Ephesians 4:29-32 (NIV) — “Do not let any unwholesome talk come out of your mouth, but only what is helpful for building others up according to their needs, that it may benefit those who listen. And do not grieve the Holy Spirit of God, with whom you were sealed for the day of redemption. Get rid of all bitterness, rage and anger, brawling and slander, along with every kind of malice. Be kind and compassionate to another, forgiving each other, just as in Christ God forgave you.”
I’ve really come to appreciate these types of Scripture passages. This short passage was really helpful to me in my 30s when I first began searching for God and reading the Bible. Just in these four verses are clear and simple instructions on how to live a biblical life of faith.
The do’s and don’ts may seem overly simplistic, but I must confess — this line of thought and conduct was all new to me back then.
As someone seeking forgiveness and a righteousness with God, there are two verses in this passage that stood out to me.
Verse 30: “And do not grieve the Holy Spirit of God.”
Verse 32: “Be kind and compassionate to one another, forgiving each other, just as in Christ God forgave you.”
The definition of “compassion,” according to the Merriam-Webster Dictionary, is the “sympathetic consciousness of others’ distress together with a desire to alleviate it.”
The New Oxford American Dictionary defines “compassion” as “a sympathetic pity and concern for the sufferings or misfortunes of others.”
The way that seems to bring peace is a basic set of Scripture, line of thought and practice. I lean on Romans 12:15-18 (NIV) — “Rejoice with those who rejoice; mourn with those who mourn. Live in harmony with one another. Do not be proud but be willing to associate with people of low position. Do not be conceited. Do not repay anyone evil for evil. Be careful to do what is right in the eyes of everybody. If it is possible, as far as it depends on you, live at peace with everyone.”
I shared that passage because I think it vital for understanding — especially when compassion is dearly needed. Have you ever had those moments when you just don’t think you can take one more blow to the heart? Have you ever found yourself at the edge of breaking and giving in? There you are, fighting the desperate battle with depression, fear and/or doubt.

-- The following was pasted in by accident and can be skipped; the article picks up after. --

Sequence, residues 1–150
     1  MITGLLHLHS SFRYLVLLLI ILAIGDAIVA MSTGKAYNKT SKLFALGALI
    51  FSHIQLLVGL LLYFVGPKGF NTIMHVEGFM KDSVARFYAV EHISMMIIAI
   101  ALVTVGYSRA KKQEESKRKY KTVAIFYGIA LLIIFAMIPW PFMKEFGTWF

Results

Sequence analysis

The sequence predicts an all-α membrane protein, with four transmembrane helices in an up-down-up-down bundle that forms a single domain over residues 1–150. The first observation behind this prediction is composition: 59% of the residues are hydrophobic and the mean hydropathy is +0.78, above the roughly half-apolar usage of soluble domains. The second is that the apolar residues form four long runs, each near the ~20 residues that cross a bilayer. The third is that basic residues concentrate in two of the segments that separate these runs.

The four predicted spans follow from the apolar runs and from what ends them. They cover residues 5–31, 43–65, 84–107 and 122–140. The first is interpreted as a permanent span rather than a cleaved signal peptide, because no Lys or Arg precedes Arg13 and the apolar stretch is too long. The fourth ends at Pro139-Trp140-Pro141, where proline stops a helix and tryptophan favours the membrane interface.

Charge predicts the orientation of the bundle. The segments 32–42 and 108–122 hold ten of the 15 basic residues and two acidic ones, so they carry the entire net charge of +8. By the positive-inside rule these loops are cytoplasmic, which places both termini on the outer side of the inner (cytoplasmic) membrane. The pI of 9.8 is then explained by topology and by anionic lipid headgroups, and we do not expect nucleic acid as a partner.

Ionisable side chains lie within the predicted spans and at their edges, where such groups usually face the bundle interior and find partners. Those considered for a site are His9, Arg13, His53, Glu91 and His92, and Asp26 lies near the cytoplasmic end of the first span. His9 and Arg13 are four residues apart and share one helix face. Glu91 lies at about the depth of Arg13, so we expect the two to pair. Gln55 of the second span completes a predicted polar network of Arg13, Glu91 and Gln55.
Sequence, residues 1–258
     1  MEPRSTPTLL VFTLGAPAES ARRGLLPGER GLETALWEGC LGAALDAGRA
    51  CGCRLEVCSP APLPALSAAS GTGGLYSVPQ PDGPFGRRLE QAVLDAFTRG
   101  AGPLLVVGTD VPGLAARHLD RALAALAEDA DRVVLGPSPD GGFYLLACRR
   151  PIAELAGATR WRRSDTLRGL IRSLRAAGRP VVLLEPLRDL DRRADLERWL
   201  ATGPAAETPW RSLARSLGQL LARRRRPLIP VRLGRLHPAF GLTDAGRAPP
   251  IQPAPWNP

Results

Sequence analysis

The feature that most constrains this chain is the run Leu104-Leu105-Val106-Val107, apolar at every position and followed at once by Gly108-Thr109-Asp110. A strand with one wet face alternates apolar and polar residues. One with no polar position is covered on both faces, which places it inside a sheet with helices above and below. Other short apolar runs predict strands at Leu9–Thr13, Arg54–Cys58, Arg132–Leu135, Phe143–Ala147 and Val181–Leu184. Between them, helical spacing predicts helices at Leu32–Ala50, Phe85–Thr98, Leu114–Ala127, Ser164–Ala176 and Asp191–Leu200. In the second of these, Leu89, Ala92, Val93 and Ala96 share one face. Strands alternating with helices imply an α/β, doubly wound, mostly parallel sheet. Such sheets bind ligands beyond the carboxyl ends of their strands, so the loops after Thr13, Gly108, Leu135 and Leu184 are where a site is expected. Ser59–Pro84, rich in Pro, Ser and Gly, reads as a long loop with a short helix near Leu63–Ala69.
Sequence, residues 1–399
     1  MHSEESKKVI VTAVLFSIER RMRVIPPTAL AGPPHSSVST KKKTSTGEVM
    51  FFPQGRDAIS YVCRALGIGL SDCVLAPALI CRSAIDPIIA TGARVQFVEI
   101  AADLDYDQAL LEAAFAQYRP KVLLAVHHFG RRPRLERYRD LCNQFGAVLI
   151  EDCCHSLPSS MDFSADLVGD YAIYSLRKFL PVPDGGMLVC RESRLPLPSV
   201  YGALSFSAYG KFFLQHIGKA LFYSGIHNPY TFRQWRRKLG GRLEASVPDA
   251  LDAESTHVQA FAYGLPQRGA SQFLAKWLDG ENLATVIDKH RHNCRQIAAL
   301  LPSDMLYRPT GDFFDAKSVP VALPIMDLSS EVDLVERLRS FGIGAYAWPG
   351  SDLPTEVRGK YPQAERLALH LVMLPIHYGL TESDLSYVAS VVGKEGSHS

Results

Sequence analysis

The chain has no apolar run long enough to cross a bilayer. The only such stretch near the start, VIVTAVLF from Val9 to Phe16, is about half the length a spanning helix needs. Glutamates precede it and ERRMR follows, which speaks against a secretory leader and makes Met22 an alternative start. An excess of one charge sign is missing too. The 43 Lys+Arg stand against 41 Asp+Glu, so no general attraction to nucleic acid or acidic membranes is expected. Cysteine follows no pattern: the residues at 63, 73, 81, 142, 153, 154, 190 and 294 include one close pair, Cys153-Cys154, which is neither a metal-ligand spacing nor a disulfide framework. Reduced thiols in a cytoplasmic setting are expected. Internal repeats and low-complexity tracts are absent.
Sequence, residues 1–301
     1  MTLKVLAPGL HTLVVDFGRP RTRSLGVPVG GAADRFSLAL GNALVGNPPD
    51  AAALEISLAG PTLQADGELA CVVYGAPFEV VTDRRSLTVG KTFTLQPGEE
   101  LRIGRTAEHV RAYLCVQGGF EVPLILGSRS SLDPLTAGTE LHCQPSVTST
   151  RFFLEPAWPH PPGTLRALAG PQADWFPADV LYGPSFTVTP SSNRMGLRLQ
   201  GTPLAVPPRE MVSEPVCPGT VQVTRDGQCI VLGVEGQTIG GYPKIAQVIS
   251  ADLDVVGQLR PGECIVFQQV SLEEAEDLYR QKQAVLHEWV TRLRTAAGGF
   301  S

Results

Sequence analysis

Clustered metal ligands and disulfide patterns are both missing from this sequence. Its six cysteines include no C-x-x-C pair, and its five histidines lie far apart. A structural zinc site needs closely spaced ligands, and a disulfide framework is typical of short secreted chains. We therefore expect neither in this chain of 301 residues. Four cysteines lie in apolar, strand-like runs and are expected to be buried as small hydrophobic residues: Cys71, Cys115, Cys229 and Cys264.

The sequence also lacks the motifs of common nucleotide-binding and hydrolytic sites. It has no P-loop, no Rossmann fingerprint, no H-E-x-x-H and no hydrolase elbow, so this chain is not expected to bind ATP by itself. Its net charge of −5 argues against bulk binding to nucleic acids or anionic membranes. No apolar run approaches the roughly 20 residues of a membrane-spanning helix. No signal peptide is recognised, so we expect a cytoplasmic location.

I’m certain we all have had some brushes with such moments. The thing is, most of us have overcome such emotional or spiritual challenges, but we can never really tell how close someone is to giving in at those critical moments. Most give a smile and give the ol’ “I’m fine.”
Have you ever heard this saying? — “I was judging my insides by the outsides of others.” Meaning that while we’re crumbling on the inside, we see others who may be feeling the same as us, but we see the same mask that we present. “Oh, I’m fine.”
I cannot help but be encouraged by Romans 12:18 — “If it is possible, as far as it depends on you, live at peace with everyone else.”
That sounds like a simple, straightforward line of thought, a basic fundamental action. But we all know one day we feel like a saint, a split second later ... pure sinner!
I’ve actually chosen Romans 12:9-11 as my meditation verses to memorize.
“Love must be sincere. Hate what is evil; cling to what is good. Be devoted to one another in brotherly love. Honor one another above yourselves. Never be lacking in zeal, but keep your spiritual fervor, serving the Lord. Be joyful in hope, patient in affliction, faithful in prayer. Share with God’s people who are in need. Practice hospitality.”
Keeping such instruction forward rather than on the back burner may prove not only an asset for ourselves during those seemingly desperate moments but it may be just what we need to encourage others.
Lord, if it is possible, as far as it depends on me, allow me to be a useful instrument of your mercy and grace, in word and deed.